Updated: 7/3/2019

Subconjunctival Hemorrhage

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https://upload.medbullets.com/topic/120496/images/subconjunctival_hemorrhage.jpg
Snapshot
  • A 25-year-old man presents to his primary care physician for "red eyes." He noticed this symptom in the morning while washing his face. He says that prior to going to sleep he believes both of his eyes were fine and denies any trauma to the eyes. Of note, he was recently prescribed contact lenses, which he began wearing a few days prior to presentation. He denies any pain or itchiness in the eyes and feels otherwise fine. He has no past medical history and only takes a multivitamin, for which he has been taking for many years. On physical exam, there is a subconjunctival hemorrhage, as shown . He is told that these findings should resolve in a few weeks and to return to clinic if the bleeding recurs. 
Introduction
  • Overview
    • injury to the eye leading to hemorrhage beneath the conjunctiva
  • Epidemiology
    • incidence
      • idiopathic is the most common cause
    • risk factors
      • hypertension
      • eye trauma
      • coagulopathy
      • elevated venous pressures (e.g., coughing and Valsalva maneuvers)
      • diabetes mellitus
  • Pathophysiology
    • rupture of vessels within the subconjuctiva
  • Prognosis
    • clears within 1-2 weeks
Anatomy
  • Conjunctiva
    • transparent tissue that adheres to the anterior portion of the sclera and lines the eyelids
    • divided into 2 sections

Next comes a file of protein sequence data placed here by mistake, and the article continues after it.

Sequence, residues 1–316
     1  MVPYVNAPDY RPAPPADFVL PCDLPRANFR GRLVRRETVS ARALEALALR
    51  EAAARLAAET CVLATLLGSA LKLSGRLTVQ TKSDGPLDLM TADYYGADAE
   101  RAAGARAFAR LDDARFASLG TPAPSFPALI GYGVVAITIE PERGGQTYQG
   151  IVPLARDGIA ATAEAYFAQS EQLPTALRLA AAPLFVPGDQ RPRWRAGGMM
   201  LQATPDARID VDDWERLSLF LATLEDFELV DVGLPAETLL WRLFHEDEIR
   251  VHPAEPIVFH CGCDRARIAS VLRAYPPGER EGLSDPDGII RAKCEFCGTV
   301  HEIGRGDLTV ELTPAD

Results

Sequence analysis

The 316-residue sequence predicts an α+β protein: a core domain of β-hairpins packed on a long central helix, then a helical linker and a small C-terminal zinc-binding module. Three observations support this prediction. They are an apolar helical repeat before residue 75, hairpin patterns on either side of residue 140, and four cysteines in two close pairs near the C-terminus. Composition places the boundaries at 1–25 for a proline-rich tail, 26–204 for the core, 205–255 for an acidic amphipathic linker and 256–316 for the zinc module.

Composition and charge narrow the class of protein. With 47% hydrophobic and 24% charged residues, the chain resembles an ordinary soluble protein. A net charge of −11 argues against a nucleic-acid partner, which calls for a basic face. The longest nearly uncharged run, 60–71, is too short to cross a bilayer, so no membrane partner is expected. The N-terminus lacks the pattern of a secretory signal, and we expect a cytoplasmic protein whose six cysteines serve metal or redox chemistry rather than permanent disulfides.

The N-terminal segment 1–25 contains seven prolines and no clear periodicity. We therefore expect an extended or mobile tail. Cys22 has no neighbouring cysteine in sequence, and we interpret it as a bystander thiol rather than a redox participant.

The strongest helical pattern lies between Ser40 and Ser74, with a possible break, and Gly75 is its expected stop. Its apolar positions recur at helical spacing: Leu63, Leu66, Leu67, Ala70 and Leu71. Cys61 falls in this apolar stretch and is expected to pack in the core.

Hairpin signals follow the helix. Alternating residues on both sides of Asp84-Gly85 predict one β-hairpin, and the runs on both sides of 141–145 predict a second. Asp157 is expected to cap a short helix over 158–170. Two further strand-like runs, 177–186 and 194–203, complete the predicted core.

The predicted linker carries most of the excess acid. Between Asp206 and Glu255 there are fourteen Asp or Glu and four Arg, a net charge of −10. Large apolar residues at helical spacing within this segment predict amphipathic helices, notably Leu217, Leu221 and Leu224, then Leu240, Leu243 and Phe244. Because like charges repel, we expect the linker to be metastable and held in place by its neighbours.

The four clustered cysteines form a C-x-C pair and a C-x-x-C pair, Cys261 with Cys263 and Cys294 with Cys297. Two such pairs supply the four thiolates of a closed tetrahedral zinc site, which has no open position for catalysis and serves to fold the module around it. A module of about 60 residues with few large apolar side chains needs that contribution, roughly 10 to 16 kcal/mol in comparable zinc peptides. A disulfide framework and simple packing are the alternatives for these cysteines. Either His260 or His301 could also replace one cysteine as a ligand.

• bulbar conjunctiva
        • covers the sclera
      • tarsal conjunctiva
        • covers the inner eyelids
Presentation
  • Symptoms
    • painless
    • bright red patch on sclera 
Studies
  • Coagulation studies
    • indication
      • in patients on anticoagulants and in cases of recurrent subconjunctival hemorrhage and in patients with other signs of unexplained bleeding
Differential
  • Conjunctival injection
    • differentiating factors
      • diffusely in the sclera with the examiner being able to discern the vessels
Treatment
  • Conservative
    • observation   
      • indication
        • initial management
Complications
  • Typically a full recovery

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Questions (3)
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(M2.OP.15.36) A 63-year-old man with chronic constipation presents to his primary care physician complaining of blood in his eye. He noticed that his eye was red when he awoke this morning. He denies any eye trauma, itching, burning, pain, or change in vision. His eye is shown in Figure A. What is the most appropriate next step?

QID: 104361
FIGURES:
1

Prescribe atropine drops

4%

(1/23)

2

Refer to an ophthalmologist

22%

(5/23)

3

Treat constipation, no treatment for eye condition is necessary

65%

(15/23)

4

Prescribe antibiotic drops

0%

(0/23)

5

Patch the eye to prevent further damage

4%

(1/23)

M 7 B

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(M2.OP.14.49) A 30-year-old male presents to your primary care clinic complaining of a "red eye". He denies pain, drainage, eye or eyelid surgery, or recent trauma. His medical history is significant for asthma and GERD; his only medication is ranitidine. He drinks 2-3 alcoholic beverages weekly, and denies smoking or illegal drug use. He reports recently beginning a weightlifting program. His vital signs are as follows: HR 63, BP 119/72, RR 9, and SpO2 100% on room air. Physical exam is unremarkable, with the exception of the findings seen in Figure A. What is the proper treatment for this condition?

QID: 106330
FIGURES:
1

Watchful waiting

86%

(30/35)

2

Topical antihistamine

6%

(2/35)

3

Topical acyclovir

0%

(0/35)

4

Repeated washing of eyelid with soap and water

6%

(2/35)

5

Topical acetazolamide

0%

(0/35)

M 7 E

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